Australian property market prediction - June 2022
In my prediction last month I wrote “The newspapers will continue to print scary headlines, the RBA will keep moving rates higher (because they are hopeless at predicting the future) and in a few months economic growth will slow down.”
This week’s interest rate rises are no surprise. The extent of the increase is probably higher than what I would have expected, but rates have to go up because they are at record low levels. Let’s never forget that.
My focus this month isn’t on the past. It’s not on our accuracy at predicting these things, or reasons for why certain things happened. It’s about the future.
Interest rates are rising, not just in Australia but across the developed world, because there are some huge cost pressures. We’re seeing it in our daily grocery bills each time we go to the supermarket. Tomatoes, cucumbers, lettuce…the list of scary price rises goes on and on.
In the building game its the same thing. Concrete, steel, timber, wages. Everything is going up. But for how long and how will rising interest rates stop this?
There’s one quick indicator that will help you forecast rate rises
I like looking for simple indicators, shortcuts that allow me to live my life and not worry about spending hours following charts or reading the news. In fact, I rarely read newspapers because they contain yesterday’s news…not what happens tomorrow.
There’s one simple indicator that I keep my eye on for all things investment - stocks, crypto, real estate, interest rates, car prices etc. That’s the price of oil. One of the big untold stories in the mainstream media is the huge shock to energy markets due to the current war in Europe.
We’re seeing oil prices that we haven’t seen for some time and that isn’t just hitting us at the petrol station each time we fill up, but also hitting almost every single consumer good and service around the world.
If there’s one chart I want you to remember, its this one below.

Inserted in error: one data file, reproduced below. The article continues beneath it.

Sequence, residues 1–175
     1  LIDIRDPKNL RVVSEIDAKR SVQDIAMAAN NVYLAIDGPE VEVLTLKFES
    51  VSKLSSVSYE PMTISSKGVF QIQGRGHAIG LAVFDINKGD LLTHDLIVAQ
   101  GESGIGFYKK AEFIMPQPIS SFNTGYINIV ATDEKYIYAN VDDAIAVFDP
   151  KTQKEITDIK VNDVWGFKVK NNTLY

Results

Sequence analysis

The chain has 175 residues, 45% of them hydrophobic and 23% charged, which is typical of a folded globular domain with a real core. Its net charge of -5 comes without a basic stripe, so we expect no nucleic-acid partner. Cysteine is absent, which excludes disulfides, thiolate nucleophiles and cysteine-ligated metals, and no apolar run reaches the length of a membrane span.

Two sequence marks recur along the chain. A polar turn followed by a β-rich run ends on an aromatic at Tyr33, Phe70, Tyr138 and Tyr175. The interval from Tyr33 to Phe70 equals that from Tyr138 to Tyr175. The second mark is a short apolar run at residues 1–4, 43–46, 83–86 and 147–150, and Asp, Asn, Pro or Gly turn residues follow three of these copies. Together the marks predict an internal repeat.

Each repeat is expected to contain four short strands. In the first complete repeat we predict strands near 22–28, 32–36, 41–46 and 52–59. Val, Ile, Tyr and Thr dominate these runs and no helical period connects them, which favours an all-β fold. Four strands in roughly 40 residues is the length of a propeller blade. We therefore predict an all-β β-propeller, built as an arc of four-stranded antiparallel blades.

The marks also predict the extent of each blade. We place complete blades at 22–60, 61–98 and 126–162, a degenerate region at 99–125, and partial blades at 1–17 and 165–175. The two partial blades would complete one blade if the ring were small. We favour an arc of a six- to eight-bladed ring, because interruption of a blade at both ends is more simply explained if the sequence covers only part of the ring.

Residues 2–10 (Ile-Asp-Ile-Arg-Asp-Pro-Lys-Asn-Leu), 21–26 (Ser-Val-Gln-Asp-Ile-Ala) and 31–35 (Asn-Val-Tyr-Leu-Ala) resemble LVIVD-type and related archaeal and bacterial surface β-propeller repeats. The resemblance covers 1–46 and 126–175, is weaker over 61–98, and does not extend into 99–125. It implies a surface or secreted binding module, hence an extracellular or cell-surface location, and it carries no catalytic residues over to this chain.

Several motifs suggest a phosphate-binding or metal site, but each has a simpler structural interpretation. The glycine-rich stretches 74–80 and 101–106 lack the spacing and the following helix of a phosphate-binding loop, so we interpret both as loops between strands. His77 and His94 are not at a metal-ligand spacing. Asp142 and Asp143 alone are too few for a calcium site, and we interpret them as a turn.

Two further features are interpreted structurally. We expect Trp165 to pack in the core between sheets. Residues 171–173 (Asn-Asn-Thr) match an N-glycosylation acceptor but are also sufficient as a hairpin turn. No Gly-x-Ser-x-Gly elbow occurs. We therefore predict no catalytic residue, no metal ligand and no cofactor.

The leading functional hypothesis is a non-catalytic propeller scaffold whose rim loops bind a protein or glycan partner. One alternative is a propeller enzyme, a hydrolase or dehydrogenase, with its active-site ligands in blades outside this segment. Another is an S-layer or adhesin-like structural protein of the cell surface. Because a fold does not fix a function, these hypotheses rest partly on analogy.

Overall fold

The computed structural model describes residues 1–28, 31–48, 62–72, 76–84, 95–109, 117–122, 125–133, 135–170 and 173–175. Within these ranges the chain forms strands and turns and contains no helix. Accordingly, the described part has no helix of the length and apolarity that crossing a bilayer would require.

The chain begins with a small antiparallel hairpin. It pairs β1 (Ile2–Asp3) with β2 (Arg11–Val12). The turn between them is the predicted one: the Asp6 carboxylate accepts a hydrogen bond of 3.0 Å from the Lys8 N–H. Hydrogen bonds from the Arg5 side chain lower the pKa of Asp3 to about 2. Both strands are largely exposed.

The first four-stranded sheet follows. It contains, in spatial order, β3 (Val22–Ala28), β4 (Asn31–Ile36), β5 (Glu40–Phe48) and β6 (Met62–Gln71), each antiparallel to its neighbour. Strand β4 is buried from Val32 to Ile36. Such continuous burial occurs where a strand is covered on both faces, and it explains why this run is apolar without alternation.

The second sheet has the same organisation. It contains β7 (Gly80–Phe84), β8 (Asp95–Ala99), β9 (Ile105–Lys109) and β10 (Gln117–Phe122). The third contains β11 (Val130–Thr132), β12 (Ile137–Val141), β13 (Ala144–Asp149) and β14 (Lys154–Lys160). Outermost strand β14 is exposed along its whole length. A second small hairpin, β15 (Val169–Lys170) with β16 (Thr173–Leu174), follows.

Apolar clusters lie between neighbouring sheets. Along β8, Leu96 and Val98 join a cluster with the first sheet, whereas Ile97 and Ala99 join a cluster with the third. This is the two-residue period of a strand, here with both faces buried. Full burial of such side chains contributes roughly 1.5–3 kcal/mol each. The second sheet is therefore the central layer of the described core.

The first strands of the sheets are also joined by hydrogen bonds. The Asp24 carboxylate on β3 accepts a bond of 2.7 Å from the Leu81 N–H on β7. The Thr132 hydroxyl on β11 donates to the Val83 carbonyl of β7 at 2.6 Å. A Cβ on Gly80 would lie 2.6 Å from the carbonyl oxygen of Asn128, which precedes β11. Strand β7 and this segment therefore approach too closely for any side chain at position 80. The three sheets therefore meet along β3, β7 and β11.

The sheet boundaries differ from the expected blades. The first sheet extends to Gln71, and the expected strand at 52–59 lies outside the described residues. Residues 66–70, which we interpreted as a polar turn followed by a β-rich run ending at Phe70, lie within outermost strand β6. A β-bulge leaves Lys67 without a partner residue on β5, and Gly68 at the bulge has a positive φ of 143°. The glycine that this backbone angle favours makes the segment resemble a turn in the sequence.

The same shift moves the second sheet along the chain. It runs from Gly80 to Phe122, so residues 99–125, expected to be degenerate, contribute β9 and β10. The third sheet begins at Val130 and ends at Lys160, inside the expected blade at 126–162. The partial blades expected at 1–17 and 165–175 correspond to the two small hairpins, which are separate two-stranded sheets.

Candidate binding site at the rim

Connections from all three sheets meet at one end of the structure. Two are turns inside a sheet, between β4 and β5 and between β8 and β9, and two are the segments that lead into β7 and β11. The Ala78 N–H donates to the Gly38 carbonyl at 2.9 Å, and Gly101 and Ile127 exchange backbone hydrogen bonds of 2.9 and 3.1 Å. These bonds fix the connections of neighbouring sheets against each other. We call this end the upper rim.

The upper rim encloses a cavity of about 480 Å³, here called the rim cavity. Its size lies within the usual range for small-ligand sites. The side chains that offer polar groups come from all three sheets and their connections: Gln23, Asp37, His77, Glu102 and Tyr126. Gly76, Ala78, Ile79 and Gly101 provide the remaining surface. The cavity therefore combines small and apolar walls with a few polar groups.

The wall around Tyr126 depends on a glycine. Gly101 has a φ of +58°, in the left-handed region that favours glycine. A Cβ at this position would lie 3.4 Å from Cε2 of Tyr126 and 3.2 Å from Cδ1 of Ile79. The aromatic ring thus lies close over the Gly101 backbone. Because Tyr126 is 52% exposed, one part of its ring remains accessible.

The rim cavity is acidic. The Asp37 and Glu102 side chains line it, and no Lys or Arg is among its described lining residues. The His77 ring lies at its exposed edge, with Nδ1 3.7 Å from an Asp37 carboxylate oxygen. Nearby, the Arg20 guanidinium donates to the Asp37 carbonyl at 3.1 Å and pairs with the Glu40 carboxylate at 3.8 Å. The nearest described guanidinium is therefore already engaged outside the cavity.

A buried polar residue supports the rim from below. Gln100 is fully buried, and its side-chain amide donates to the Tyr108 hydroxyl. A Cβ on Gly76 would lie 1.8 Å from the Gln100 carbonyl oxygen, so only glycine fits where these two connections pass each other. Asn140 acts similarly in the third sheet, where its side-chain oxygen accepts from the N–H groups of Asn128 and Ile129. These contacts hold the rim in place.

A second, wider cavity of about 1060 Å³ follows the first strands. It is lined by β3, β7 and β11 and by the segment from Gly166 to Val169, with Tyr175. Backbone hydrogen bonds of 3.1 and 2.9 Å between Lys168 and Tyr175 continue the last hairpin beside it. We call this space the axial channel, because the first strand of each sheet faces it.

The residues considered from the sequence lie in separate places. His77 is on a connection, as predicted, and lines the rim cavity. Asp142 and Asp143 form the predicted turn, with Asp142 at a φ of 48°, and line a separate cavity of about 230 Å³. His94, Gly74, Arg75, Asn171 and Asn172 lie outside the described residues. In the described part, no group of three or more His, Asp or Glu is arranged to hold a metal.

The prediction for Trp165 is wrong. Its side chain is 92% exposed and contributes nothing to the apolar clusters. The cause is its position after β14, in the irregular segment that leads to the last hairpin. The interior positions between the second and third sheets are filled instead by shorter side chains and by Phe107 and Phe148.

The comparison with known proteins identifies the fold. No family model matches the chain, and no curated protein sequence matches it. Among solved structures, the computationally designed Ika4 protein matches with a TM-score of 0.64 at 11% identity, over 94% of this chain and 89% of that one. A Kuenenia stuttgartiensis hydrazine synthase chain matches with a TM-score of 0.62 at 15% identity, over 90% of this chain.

I’ve compared oil prices (brent crude) with Australian 2 year interest rates. Most Aussie mortgages are fixed for 2 years or thereabouts, so this is a good indicator of where official interest rates are trading in the market.
The point is that over the past 5 years, Australian interest rates have tracked the price of oil. For rate rises to stop, we need to see the price of oil stop rising. When oil prices rise, global inflation does too and central banks like the RBA need to raise rates to slow things down.
Unfortunately we still live in a world that is dominated by fossil fuels and oil product inputs across the entire food chain. The farmer who grows lettuce will use fertiliser that is often linked to the oil price, plastic wrapping that is made from oil and transportation in a truck to the local Woolies shopping centre via a diesel powered engine.
Oil is everything.
I think we’re close to the point where oil prices stop rising. I don’t know if they will fall, but each $1 rise in oil prices hurts global demand immensely. It's a very complicated and often political calculation, so I don’t intend to go into that conversation here. But oil prices can’t just keep rising forever because the global economy will shut down and send oil demand falling again, like we have seen many times in recent history.
Keep an eye on oil, it will tell you all the secrets about future interest rate rises.
What this means for the real estate market
The bad news is interest rates are rising, which means borrowing costs are higher. The good news is interest rates are rising because the economy is strong. Unemployment is at record low levels, people have jobs and that is a huge positive.
We’re seeing the Australian property market shift from a sellers market to a buyers market. In fact I’ll go one step further and say that we are seeing the market shift from an owner occupied market to an investor’s market. Investors who have solid jobs and cash saved up can now come into the market and find better deals.
Most east coast markets in the $400-850k price range have rents that cover outgoings. Even if interest rates rise more and investors are out of pocket through their investments, we have a very generous tax system in Australia that allows for negative gearing.
I think we’ll continue to see a soft market for the rest of the year but the long term fundamentals for Australian real estate are among the best in the world. We have a huge que of immigrants who want to come here and bring their families with them. We have a very strong economy, a new government which is restoring relations with our trading peers and a strong banking system that can adjust if rate rises become too problematic.
Keep an eye on oil prices and remember for the investors out there, market pullbacks are an opportunity to buy good long term assets on strong fundamentals. My top cities remain Sydney (inner), Melbourne (metro), Canberra and certain parts of Perth (lifestyle shift).